I've tried the sugar lime cookies, and while they're fine, I find it hard to justify their high prices, $4-5 for I think 8 medium size cookies at my Whole Foods.

                      1. re: rjka

                        I know, I know. But those Chocolate Tangerine ones are so sensational, I splurge every now & again. They're big enough so that I never want more than one at a time, so a package of eight can last me a week or two.

                  2. The 365 brand of Balsamic Vinegar won Cook's Illustrated blind taste test of Balsamics last year (up against some really famous, expensive brands).

                    I'm lucky. There is a Whole Foods within walking distance and with the exception of an occasional visit to Trader Joe's I don't shop anywhere else.

                    1 Reply
                    1. re: Renee

                      The 365 brand Extra Virgin olive oil is highly recommended also and much better than any of the supermarket brands....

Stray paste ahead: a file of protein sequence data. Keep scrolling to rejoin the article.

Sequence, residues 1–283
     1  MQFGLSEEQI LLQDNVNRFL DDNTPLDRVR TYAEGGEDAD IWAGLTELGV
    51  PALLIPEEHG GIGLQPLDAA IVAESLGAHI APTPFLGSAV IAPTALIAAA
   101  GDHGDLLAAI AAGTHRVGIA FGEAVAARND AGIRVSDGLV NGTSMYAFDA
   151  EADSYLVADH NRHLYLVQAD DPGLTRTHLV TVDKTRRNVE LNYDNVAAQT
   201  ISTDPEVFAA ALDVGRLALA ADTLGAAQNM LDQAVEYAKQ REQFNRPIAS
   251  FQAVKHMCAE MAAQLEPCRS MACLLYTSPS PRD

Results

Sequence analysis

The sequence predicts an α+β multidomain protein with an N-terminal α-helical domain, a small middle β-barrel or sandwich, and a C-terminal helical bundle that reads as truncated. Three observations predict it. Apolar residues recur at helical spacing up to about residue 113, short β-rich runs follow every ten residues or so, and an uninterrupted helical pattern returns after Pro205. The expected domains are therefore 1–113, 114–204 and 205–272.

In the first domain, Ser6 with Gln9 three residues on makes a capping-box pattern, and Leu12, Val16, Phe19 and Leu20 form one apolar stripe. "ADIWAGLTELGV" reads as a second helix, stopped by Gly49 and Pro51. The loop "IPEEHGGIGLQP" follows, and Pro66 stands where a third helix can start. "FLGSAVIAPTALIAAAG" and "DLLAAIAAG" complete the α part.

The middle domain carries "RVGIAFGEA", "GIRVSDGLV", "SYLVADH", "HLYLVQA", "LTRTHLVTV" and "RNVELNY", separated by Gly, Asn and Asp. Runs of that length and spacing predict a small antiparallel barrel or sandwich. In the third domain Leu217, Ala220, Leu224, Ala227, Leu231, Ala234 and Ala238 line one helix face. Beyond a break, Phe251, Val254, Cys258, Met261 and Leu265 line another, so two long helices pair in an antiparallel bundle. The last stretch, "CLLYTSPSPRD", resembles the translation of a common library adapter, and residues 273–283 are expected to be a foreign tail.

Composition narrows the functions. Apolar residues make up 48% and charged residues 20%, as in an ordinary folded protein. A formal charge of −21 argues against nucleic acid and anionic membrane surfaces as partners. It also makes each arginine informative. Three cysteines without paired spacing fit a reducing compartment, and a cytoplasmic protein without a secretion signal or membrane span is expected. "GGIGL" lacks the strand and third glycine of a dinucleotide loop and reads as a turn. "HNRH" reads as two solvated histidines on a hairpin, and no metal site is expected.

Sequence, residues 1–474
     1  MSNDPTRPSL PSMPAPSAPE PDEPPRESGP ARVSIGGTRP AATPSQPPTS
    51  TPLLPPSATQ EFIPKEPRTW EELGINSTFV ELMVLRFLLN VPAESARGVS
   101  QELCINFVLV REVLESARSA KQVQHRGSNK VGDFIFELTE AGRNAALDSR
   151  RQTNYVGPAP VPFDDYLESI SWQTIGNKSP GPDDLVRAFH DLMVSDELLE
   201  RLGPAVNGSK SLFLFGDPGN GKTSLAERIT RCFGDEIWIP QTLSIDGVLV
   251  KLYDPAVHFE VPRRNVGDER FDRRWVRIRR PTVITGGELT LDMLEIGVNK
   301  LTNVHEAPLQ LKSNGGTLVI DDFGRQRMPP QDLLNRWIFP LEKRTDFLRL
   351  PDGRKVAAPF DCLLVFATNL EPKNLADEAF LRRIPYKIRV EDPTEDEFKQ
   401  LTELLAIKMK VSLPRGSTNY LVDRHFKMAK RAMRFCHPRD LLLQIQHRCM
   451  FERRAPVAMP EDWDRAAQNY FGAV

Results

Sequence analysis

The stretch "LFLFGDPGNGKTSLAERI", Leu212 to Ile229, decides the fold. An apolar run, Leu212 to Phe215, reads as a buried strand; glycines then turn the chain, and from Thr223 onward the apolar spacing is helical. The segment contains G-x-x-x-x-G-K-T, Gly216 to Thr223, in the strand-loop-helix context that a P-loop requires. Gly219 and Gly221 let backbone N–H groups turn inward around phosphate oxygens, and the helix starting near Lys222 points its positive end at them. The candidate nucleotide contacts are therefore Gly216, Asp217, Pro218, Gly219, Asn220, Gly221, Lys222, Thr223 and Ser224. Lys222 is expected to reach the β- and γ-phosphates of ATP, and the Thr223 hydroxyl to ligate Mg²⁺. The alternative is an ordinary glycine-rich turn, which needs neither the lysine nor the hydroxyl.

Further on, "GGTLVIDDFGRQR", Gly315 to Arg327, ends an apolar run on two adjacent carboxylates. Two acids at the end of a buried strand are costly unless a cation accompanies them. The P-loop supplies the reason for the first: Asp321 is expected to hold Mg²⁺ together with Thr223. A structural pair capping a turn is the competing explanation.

2. I still miss the real Bread & Circus, the Boston-area original that WF gobbled up a few years ago. In the same way that Starbucks eventually killed off our beloved Coffee Connection except for leaving the name. Still, I shop regularly. Produce remains king, and they are dependable for odd items that would otherwise be harder to find (and definitely not under one roof), like the glass-jarred Spanish tuna, to cite but one example.

                      One result that I am happy about is that it seems to be driving up the quality in a couple of my local Stop & Shops, where sometimes I can find even better produce (and obviously cheaper) and other "fine" items than in WF; for now, competition seems to be improving quality. I now no longer need to go to WF every week; sometimes, once a month will do. WF should not dream of resting on its laurels; it's not Nirvana.